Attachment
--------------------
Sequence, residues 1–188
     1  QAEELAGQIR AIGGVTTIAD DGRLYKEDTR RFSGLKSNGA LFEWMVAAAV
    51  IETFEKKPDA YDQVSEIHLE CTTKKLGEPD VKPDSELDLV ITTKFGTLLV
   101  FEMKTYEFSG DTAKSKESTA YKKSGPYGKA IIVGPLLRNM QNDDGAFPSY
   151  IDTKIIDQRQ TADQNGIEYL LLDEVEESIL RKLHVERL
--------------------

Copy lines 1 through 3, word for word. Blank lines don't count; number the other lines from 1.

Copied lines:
Sequence, residues 1–188
     1  QAEELAGQIR AIGGVTTIAD DGRLYKEDTR RFSGLKSNGA LFEWMVAAAV
    51  IETFEKKPDA YDQVSEIHLE CTTKKLGEPD VKPDSELDLV ITTKFGTLLV